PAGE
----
The auto parts maker said Friday that vehicle production was significantly lower than anticipated largely due to the chip shortages which drove unpredictable customer production schedules, resulting in labour and other inefficiencies at its factories.
It also said its results were hurt by higher production costs, including freight and commodity costs, as well as a provision on engineering service contracts with the automotive unit of Evergrande.
Magna, which keeps its books in U.S. dollars, says it earned US$11 million or four cents per diluted share for the quarter ended Sept. 30 compared with a profit of US$405 million or US$1.35 per diluted share in the same quarter last year.
Sales fell to US$7.92 billion compared with US$9.13 billion a year ago.
On an adjusted basis, Magna says it earned 56 cents per diluted share in its most recent quarter, down from US$1.95 per diluted share a year ago. Analysts on average had expected an adjusted profit of 60 cents per share and US$7.89 billion in revenue, according to financial markets data firm Refinitiv.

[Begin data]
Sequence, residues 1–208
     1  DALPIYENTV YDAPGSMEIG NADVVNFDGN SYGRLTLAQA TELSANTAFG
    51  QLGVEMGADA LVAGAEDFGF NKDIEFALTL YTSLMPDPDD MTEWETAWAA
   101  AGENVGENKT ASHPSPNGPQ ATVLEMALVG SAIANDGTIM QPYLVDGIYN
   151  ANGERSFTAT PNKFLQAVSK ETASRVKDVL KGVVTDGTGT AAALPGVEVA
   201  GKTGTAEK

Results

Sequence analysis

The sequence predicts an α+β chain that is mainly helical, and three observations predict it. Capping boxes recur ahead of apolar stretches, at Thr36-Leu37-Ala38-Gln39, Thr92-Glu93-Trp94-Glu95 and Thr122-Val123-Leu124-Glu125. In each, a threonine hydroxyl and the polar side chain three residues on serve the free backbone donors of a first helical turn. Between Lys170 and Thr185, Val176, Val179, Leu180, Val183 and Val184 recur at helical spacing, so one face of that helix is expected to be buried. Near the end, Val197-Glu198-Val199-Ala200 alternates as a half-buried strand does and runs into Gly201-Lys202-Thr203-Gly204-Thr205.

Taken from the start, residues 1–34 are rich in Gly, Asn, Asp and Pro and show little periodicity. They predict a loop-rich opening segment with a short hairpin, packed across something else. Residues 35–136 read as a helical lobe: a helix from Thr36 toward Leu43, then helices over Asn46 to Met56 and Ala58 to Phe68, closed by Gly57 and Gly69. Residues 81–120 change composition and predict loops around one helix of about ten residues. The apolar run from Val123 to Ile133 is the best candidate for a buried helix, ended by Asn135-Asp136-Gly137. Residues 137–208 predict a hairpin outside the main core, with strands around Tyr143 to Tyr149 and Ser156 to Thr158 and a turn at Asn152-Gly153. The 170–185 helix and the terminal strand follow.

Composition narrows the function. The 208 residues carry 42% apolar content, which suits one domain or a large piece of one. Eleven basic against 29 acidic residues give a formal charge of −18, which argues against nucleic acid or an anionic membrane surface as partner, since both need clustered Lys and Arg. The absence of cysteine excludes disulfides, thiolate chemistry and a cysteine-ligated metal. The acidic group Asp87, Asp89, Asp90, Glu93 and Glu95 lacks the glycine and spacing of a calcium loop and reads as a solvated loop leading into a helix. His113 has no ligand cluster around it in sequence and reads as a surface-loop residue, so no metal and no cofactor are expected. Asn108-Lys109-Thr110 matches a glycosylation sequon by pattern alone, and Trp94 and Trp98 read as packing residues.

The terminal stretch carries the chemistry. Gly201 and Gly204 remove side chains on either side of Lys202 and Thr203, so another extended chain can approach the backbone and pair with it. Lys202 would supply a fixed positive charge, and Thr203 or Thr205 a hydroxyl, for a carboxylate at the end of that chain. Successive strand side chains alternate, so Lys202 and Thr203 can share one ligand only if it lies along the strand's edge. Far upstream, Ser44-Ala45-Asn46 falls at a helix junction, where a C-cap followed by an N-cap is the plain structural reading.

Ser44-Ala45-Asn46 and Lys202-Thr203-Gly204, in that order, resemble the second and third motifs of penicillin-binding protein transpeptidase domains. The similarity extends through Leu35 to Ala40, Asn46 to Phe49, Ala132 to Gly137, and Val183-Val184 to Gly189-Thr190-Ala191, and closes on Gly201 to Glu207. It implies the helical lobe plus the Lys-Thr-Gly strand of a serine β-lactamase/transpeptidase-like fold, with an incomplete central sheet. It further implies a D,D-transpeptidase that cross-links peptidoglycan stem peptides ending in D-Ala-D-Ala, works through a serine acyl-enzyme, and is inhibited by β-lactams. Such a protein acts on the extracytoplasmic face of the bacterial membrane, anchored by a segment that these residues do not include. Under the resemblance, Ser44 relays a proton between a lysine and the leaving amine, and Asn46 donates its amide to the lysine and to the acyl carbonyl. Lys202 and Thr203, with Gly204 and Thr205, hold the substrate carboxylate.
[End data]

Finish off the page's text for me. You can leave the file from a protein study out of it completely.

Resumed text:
In its outlook, the company said it expected to earn US$1.35 billion to US$1.45 billion in net income for the full year, down from earlier guidance for a profit between US$2.0 billion and US$2.2 billion.
Total sales are expected between US$35.4 billion and US$36.4 billion, down from earlier guidance for between US$38 billion and US$39.5 billion.
The outlook was based on light vehicle production of 13.4 million in North America, 16.5 million in Europe and 23.0 million in China, down from earlier expectations for 14.4 million vehicles in North America, 18.1 million in Europe and 24.7 million in China.
The company also announced that chief financial officer Vincent Galifi has been appointed president, effective Jan. 1.
Patrick McCann, senior vice-president, finance, has been appointed chief financial officer, effective Jan. 1, while Anton Mayer, executive vice-president, research and development, will become executive vice-president and chief technology officer.